WEST PALM BEACH, Fla. — Spring training lineups don’t often become regular season lineups. But when the Washington Nationals rolled out a top three of Victor Robles, Juan Soto and Trea Turner last week — and then did it again — it seemed to be one way to get the most out of a generational hitter.

Whether it’s the way the Nationals will choose come April remains to be seen. A pressing offensive question is how they will optimize Soto in an order that drops off after him and Turner. The 22-year-old Soto led the sport in a whole list of advanced statistics in 2020, drawing comparisons to Ted Williams’s production at the same age. Now, heading into Soto’s third full season, the key is giving him the maximum number of chances to tilt the scoreboard. Protecting him with Turner, the team’s next best hitter, could be a good start.

“I wouldn’t read into it too much,” Manager Dave Martinez said Wednesday, the first time he used Robles, Soto and Turner in that order. “It was vice versa last year, for the most part. Trea hit in front of Soto, and they did well together. But I just want to see what this kind of looks like.”

The truth is that lineup construction — and lineup protection, to a lesser extent — is better for bar-side debate than predicting outcomes. Its effect on games has never quite matched the oxygen or ink it receives (perhaps here included). Old-school lineup thinking followed a familiar pattern: a fast leadoff hitter; a second hitter who makes a lot of contact; a third hitter with the rare combination of contact and power; a fourth hitter (or “cleanup” batter) who uses power to knock everyone in; then a fifth hitter with enough power to “protect” the cleanup guy and keep pitchers from walking him with no consequence. The (not-so-)new-age thinking, though, is pretty simple on its face: Get your top hitters as many at-bats as possible.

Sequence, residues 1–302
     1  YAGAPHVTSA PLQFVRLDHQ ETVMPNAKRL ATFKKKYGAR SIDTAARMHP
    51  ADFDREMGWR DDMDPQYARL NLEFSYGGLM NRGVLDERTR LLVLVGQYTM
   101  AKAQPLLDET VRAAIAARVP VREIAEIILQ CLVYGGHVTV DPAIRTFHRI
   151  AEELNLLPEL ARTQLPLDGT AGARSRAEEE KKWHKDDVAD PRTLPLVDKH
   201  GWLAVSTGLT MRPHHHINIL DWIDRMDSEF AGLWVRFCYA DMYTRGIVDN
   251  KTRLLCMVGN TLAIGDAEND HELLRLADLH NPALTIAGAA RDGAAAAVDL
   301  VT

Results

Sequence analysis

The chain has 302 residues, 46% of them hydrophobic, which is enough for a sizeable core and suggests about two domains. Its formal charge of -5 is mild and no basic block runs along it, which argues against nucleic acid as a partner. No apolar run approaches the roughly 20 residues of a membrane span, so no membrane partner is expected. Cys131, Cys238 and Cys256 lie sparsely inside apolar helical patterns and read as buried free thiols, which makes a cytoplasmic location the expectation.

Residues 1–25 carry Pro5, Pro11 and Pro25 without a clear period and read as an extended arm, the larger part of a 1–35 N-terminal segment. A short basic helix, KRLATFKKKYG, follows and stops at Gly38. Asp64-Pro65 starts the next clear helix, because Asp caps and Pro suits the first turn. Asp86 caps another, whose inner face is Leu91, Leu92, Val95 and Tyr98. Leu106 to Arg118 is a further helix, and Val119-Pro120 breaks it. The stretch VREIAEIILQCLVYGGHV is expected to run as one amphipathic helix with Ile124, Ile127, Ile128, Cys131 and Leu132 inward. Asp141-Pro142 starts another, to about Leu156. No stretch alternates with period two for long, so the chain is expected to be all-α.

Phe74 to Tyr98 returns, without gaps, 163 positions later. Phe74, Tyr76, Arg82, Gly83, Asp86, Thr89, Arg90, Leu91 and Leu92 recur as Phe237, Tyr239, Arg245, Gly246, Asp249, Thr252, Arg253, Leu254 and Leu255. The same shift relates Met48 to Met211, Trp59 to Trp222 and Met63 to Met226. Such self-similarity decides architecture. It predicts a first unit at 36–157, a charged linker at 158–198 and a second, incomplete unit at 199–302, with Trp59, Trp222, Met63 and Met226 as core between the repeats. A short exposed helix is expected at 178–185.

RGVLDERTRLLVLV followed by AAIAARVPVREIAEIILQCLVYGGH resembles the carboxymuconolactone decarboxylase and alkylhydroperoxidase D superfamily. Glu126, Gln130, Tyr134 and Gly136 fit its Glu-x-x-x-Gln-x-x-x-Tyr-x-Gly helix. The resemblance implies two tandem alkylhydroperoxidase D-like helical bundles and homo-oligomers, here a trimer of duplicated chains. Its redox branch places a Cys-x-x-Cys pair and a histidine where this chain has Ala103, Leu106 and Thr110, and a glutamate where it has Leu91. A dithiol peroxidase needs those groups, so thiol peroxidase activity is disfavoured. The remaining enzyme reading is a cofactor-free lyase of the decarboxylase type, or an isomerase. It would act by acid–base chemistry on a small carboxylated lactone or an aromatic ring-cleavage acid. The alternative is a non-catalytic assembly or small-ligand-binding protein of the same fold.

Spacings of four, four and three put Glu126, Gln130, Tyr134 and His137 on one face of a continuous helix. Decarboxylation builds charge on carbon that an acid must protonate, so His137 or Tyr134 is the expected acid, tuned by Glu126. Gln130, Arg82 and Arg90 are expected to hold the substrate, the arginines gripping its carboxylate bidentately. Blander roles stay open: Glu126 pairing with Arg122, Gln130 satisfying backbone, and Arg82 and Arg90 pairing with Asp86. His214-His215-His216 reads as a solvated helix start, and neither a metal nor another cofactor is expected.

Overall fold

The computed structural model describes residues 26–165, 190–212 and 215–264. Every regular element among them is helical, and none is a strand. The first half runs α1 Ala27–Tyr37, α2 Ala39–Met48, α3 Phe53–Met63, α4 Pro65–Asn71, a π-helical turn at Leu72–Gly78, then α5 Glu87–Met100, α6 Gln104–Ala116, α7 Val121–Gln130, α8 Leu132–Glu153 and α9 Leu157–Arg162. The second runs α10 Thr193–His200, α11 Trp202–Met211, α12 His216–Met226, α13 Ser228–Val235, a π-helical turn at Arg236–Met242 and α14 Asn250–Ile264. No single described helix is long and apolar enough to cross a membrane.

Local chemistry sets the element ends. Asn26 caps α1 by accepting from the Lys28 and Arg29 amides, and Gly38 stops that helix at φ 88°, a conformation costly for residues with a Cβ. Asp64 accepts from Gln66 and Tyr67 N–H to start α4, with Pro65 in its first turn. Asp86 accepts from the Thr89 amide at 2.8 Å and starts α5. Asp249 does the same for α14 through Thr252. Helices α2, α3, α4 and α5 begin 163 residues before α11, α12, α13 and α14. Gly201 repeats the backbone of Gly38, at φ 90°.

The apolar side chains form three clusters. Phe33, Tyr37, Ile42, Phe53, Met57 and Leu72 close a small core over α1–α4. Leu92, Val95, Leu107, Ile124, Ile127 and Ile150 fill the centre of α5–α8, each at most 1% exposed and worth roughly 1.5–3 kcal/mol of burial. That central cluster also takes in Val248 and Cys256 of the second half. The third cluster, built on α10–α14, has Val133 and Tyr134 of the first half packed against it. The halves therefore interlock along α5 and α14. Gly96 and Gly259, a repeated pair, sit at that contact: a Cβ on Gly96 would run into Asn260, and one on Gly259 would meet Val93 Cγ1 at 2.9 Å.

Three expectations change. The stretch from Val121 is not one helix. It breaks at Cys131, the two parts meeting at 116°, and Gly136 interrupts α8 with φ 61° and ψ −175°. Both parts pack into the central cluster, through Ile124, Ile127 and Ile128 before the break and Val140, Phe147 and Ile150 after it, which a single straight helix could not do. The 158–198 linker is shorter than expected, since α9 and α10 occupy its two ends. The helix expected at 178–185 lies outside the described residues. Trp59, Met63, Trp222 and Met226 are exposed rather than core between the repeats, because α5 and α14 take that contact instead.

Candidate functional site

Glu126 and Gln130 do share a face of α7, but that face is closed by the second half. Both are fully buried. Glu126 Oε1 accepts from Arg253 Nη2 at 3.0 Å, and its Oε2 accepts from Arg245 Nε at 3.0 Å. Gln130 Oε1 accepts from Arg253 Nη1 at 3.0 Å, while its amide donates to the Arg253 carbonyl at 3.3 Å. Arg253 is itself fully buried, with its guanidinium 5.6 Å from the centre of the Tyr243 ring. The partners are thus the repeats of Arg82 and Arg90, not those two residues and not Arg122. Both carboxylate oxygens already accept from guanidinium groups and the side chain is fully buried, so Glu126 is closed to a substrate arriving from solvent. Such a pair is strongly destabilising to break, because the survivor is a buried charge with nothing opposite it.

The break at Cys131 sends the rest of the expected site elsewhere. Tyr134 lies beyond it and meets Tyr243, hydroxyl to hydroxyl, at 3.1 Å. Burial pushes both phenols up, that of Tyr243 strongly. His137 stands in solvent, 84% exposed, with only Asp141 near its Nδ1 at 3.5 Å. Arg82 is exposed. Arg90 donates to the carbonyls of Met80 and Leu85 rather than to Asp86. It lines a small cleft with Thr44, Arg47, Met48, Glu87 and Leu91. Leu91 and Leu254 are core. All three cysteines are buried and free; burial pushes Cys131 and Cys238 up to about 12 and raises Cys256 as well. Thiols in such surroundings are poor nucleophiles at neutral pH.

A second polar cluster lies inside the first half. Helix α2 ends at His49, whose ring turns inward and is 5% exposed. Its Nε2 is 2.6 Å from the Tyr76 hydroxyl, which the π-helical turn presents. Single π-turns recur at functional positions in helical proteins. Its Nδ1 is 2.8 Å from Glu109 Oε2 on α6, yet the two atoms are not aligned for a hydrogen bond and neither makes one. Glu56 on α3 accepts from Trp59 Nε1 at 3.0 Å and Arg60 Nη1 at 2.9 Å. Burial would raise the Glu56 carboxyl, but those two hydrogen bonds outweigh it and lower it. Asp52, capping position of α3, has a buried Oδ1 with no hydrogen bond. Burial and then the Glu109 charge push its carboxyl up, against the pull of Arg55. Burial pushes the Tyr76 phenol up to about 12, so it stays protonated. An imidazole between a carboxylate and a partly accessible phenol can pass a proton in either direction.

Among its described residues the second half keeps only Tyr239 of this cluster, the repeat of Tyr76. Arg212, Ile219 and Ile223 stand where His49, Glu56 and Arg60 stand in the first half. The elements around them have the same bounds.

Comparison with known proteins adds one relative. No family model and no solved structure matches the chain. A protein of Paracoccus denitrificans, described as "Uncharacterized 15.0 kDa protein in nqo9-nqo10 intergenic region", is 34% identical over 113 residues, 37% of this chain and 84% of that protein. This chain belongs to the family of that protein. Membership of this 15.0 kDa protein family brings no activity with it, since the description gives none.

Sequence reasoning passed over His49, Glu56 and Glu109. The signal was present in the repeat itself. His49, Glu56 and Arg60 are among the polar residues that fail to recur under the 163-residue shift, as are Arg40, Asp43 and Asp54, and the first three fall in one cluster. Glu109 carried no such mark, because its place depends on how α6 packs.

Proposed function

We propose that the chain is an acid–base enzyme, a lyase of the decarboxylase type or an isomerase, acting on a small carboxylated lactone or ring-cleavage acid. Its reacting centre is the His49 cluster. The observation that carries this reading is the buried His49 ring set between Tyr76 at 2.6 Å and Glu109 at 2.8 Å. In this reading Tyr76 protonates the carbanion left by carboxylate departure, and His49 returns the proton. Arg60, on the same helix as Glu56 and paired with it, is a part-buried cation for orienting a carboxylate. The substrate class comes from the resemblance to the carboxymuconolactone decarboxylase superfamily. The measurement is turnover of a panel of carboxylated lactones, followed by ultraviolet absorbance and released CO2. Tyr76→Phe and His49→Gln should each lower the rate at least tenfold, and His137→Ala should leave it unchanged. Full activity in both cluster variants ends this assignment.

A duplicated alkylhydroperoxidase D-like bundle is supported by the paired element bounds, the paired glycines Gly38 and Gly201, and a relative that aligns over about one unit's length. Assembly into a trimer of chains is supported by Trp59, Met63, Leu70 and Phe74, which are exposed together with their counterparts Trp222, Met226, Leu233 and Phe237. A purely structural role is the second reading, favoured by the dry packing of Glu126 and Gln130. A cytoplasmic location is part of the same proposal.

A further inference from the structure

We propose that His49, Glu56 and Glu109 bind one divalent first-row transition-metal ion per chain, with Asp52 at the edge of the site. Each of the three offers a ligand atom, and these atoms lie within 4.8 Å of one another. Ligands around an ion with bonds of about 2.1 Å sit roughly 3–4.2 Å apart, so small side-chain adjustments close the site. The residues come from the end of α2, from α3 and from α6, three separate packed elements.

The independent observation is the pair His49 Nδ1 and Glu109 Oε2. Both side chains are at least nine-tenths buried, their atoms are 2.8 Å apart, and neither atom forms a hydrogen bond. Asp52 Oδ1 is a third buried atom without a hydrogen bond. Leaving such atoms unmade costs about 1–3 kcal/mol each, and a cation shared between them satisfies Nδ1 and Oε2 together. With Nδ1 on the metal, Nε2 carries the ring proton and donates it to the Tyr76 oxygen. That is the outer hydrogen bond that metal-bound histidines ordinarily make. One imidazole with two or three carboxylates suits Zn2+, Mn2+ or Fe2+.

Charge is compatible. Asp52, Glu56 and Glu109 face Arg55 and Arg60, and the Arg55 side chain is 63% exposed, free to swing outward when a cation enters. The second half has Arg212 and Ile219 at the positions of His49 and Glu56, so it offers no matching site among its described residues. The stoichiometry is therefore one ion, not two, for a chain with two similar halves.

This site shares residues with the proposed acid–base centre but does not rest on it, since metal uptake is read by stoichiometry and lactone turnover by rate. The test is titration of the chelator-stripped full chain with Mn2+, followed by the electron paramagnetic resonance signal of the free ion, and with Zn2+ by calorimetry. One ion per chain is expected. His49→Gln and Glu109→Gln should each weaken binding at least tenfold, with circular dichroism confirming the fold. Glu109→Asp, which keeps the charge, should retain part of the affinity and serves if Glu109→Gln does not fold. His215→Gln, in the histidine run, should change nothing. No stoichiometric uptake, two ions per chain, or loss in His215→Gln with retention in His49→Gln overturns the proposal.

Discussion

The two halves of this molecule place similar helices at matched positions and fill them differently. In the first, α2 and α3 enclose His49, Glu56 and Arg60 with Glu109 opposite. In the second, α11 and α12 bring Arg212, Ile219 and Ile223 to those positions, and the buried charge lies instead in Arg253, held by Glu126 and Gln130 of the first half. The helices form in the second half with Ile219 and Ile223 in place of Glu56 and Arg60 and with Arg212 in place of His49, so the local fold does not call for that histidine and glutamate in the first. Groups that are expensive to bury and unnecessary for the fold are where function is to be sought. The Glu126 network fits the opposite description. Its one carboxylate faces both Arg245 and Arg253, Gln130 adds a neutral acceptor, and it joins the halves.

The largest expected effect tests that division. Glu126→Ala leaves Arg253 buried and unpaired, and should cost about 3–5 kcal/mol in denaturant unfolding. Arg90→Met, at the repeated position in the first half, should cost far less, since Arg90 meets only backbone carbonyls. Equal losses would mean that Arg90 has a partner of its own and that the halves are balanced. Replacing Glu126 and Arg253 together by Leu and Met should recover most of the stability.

Speed and a high on-base percentage are still preferred characteristics for a leadoff hitter. And there are, of course, dozens of wrinkles beyond that. But it’s all rooted in the idea that teams get a fixed number of plate appearances per season, and those should largely be handed to the most productive hitters. Think of Mike Trout, maybe one of the top players ever, hitting second for the Los Angeles Angels. Or Christian Yelich and Freddie Freeman hitting second during recent MVP seasons.

By that logic, the Nationals should hit Soto second behind a player who gets on base a lot. Speed wouldn’t hurt, either. But this is where it gets a bit complicated.

The obvious choice is Turner, who broke out last season with a .335 average, a .394 on-base percentage and a .588 slugging percentage. He was the Nationals’ leadoff man for all of 2019 and some of a shortened 2020. He is the traditional prototype. But there’s a strong case that, as the club’s second-best hitter, he should hit after Soto in the order.